In introducing full-frame models, Panasonic has also been careful to reassure their current Micro Four-Thirds (MFT) mirrorless camera users that they have not abandoned MFT. Sony also announced that they will not abandon APS-C mirrorless, with plans to introduce new APS-C mirrorless cameras and lenses in the new year.

But What Will Pros Choose?
MFT, APS-C, Full-frame or even Medium format? With some of the full-frame mirrorless cameras having similar dimensions and weight as mirrorless cameras using the smaller APS-C and MFT image sensors, it won’t surprise anyone if pros lean toward cameras with the bigger full-frame sensor. However, with better sensor technology, APS-C and MFT mirrorless cameras should continue to command a lot of respect from pros who prefer smaller and lighter gear. So, even though most pros will probably select full-frame mirrorless models, some will find that there are APS-C and MFT models that deliver similar image quality and performance as full-frame models and that suit their size/weight needs better.

What About Lenses?
We believe that to differentiate themselves one from the other, the mirrorless camera manufacturers need to introduce fast super telephoto lenses that enable pros to shoot commercial sports and wildlife. For some pros, that will be the deciding factor in selecting a mirrorless system. That’s when the cameras and lenses you see at major sports events will be mirrorless: say, timidly at the 2020 Summer Olympics in Tokyo (though Panasonic has already staked a claim to showcase the S1R and S1 full-frame mirrorless cameras and lenses at that event); a little more visibly at the 2022 Winter Olympics in Beijing; and ruling the 2024 Summer Olympics in Paris.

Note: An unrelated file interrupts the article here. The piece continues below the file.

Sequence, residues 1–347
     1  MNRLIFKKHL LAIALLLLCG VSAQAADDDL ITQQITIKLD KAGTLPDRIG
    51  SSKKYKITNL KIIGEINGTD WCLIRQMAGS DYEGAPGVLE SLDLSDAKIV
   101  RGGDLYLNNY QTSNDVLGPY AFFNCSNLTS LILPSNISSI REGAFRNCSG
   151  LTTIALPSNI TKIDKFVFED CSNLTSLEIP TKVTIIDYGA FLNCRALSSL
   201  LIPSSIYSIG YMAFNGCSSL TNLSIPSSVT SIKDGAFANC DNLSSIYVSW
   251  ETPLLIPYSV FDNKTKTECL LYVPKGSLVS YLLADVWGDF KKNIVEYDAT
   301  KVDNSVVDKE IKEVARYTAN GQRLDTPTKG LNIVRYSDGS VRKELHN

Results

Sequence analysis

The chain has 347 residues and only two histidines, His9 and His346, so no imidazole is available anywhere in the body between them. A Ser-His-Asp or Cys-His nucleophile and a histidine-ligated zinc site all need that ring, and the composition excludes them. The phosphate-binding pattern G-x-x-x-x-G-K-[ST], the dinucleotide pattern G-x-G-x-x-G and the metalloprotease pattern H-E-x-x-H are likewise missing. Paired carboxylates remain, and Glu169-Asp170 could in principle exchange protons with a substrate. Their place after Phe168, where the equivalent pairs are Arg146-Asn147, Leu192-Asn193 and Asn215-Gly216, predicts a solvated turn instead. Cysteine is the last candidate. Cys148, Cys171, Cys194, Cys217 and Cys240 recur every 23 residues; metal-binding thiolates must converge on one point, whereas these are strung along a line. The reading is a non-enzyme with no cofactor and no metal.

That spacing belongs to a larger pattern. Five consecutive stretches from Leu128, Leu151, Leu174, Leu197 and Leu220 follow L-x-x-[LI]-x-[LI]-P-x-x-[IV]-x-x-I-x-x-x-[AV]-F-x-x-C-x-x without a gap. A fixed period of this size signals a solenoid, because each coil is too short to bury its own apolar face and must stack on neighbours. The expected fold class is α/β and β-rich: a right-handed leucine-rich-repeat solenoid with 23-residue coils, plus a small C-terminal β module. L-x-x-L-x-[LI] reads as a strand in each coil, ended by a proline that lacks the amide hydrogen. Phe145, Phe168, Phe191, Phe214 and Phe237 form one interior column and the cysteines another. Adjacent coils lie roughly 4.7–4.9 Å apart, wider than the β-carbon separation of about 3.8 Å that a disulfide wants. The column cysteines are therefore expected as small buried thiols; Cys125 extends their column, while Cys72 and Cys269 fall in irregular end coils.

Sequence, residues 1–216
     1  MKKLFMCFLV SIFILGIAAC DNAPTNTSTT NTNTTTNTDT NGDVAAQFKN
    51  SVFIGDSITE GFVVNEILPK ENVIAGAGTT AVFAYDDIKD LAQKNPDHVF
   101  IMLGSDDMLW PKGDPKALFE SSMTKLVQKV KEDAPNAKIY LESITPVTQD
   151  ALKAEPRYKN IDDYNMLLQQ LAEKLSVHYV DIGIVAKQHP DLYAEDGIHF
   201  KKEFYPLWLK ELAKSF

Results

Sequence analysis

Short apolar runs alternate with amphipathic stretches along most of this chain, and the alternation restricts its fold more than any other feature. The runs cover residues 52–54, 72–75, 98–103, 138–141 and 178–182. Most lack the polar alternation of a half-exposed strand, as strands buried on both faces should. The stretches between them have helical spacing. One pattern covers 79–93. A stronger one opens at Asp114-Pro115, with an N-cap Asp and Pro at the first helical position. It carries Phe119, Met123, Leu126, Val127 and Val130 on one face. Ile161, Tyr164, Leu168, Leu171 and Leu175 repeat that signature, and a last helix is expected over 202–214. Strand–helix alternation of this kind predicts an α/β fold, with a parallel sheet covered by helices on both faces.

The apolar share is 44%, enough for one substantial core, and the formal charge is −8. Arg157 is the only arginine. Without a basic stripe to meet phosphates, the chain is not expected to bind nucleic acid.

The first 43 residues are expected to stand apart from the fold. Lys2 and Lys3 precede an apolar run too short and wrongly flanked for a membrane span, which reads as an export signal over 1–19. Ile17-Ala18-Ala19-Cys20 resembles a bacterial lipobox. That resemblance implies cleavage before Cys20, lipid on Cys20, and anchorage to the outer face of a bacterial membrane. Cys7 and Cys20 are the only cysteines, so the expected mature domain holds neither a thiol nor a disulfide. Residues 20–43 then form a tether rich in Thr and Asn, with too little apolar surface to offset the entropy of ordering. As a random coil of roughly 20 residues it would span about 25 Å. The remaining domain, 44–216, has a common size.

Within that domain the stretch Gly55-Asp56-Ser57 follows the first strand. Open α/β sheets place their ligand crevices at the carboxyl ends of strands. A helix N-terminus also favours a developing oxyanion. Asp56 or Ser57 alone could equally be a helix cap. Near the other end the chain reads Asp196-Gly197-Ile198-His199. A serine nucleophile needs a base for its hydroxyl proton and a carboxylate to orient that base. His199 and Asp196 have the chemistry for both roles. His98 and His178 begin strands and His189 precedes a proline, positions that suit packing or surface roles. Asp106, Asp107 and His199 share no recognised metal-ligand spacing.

Which Mirrorless Cameras Will Do Well in 2019
Mirrorless camera manufacturers have been busy perfecting AF, improving low-light capabilities, bettering video capabilities, and introducing ever more practical features in their models so as to rise up above the competition. But, so far, they have kind of forgotten why people buy cameras.

People don’t buy cameras to compare features and show off to friends and colleagues (though some do). Mostly, we buy cameras for a specific purpose: Pros use their cameras as their day-to-day tools of the trade, and these cameras must perform to the highest standards; parents want to take great pictures of their kids in the house, at birthday parties, in the park, on the soccer field, and these cameras must be point-and-shoot easy to use; some of us love nature and want close-ups of flowers, insects, butterflies; others want to capture the Milky Way galaxy, shoot underwater, make great videos, take product photos, time-lapse night photos, even photos of the Sun, Moon and planets. Probably one camera and lens won’t be able to satisfy all these disparate requirements, but there are not too many mirrorless camera manufacturers that are specifically targeting each of those needs.

Sure, there are portrait lenses. Some are too expensive, others are simply not good enough. The same can be said for macro lenses, wide-angle lenses and super telephoto lenses.